Study: Middle aged women more satisfied with their sex lives
Women on the 'wrong side of forty' claim they are more satisfied with their sex lives than their male partners, despite the fact that their lovers are bad in bed, and have libido problems.
from the British Association of Sexual Educators
states that 75% of women in the United Kingdom are satisfied with their sex lives, however only 50% of men in the study said that they were also satisfied. The study also showed that 64% of the women claim their partners have issues with their libido.
The Daily Mail reported
that the study looked at 1,000 heterosexual couples, either married or living together. The study interviewed couples between 59-years-old and 79-years-old.
Oddly enough the study showed that the older the men were, the happier they were with their sex lives. However the number of 70-year-old women happy with their sex lives dropped to a meager 7 percent. Women between 50-59 years-old were much more satisfied then their older counterparts.
Women in the study said they weren't too concerned with how much sex they were having, just as long as they were having sex when they wanted it.
Nearly 70% of the women in the study said their partners went long period of times with out any interest in having sex with them, or that the men in their lives had weak erections.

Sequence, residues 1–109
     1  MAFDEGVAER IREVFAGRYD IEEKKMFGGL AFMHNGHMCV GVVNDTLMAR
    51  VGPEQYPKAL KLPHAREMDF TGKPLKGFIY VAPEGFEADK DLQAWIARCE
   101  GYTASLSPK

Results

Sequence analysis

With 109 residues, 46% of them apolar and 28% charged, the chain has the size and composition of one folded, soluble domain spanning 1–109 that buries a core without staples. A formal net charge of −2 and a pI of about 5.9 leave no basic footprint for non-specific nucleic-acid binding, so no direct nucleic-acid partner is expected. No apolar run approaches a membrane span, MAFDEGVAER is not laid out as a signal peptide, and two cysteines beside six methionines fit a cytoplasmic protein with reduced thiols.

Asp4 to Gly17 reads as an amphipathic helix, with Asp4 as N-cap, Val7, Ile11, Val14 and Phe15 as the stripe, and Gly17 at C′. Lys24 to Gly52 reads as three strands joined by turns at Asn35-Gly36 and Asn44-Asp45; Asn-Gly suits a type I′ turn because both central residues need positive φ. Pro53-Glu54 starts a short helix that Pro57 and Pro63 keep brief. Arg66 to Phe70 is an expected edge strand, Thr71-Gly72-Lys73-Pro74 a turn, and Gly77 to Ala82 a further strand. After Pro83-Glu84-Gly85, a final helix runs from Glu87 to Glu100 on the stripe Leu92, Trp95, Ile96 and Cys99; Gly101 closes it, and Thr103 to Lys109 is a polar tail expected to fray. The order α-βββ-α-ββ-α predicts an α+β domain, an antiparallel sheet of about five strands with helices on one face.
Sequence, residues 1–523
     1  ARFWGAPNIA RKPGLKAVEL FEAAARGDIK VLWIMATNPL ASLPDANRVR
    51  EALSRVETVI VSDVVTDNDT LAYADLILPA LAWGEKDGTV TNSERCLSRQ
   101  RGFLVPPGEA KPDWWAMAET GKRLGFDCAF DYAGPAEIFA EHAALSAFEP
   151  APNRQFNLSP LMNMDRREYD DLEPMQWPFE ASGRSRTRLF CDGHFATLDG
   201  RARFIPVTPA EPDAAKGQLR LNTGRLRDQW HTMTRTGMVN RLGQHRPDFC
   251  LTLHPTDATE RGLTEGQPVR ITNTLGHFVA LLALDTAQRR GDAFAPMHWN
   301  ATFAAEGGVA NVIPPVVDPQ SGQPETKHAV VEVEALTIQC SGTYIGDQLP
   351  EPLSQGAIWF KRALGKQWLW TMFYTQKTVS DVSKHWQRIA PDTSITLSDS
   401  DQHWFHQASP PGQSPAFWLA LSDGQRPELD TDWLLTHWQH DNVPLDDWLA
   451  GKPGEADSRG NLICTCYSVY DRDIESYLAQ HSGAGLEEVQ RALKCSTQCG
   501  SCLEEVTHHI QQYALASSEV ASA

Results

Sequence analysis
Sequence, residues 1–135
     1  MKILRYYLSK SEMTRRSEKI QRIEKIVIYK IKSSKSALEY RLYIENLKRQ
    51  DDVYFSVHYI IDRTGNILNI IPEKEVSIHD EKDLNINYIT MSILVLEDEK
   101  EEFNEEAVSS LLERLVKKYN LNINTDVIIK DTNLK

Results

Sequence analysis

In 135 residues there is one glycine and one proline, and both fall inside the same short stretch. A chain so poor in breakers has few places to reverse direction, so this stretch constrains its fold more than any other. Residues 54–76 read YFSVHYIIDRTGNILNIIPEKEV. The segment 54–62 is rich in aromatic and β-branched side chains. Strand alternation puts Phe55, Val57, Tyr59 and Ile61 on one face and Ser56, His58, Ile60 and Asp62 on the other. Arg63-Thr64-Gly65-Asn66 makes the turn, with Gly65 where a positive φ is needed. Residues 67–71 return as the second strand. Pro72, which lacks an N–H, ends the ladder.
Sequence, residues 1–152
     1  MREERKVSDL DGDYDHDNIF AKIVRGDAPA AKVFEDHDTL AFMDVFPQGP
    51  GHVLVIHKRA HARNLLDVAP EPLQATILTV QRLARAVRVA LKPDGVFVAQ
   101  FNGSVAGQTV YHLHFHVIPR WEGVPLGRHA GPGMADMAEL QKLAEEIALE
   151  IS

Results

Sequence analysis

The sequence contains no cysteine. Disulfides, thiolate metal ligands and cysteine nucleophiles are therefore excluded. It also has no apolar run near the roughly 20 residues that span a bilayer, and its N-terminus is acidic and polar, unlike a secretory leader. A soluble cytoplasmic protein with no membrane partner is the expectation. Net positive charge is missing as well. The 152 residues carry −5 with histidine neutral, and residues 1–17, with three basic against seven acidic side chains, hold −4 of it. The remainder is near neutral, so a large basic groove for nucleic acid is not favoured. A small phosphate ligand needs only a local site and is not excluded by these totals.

Experts in the United Kingdom are telling women now, according to the Daily Mail, not to take the lack of interests as a sign of the heat running out of their relationship, but rather that their men may be suffering from low testosterone. Testosterone Deficiency Syndrome
is exhibited by low sex drive and poor erections. It also affects men between the ages of 40 and 79.
TDS is caused by diabetes and heart disease. A majority of the women in the study stated their male partners showed the signs of TDS, however very few of the men had heard of it.
The doctor overseeing the study also found that women were more likely to go to the doctor themselves, rather then their partners seeking help on their own.
Dr. David Edwards, a specialist in sexual dysfunction and president of the British Society for Sexual Medicine said: 'It is well known that women are much more likely than men to go to the doctor themselves and / or on behalf of their partners so the fact that so few do when their men are showing signs of TDS, is worrying. Women have a vital role in helping their men to confront embarrassing conditions which may have serious consequences if undiagnosed."
Edwards went on to say that with today's new advances in medicine there is hope of treating men who may have TDS and jump start things in the bedroom, so that everyone is happy.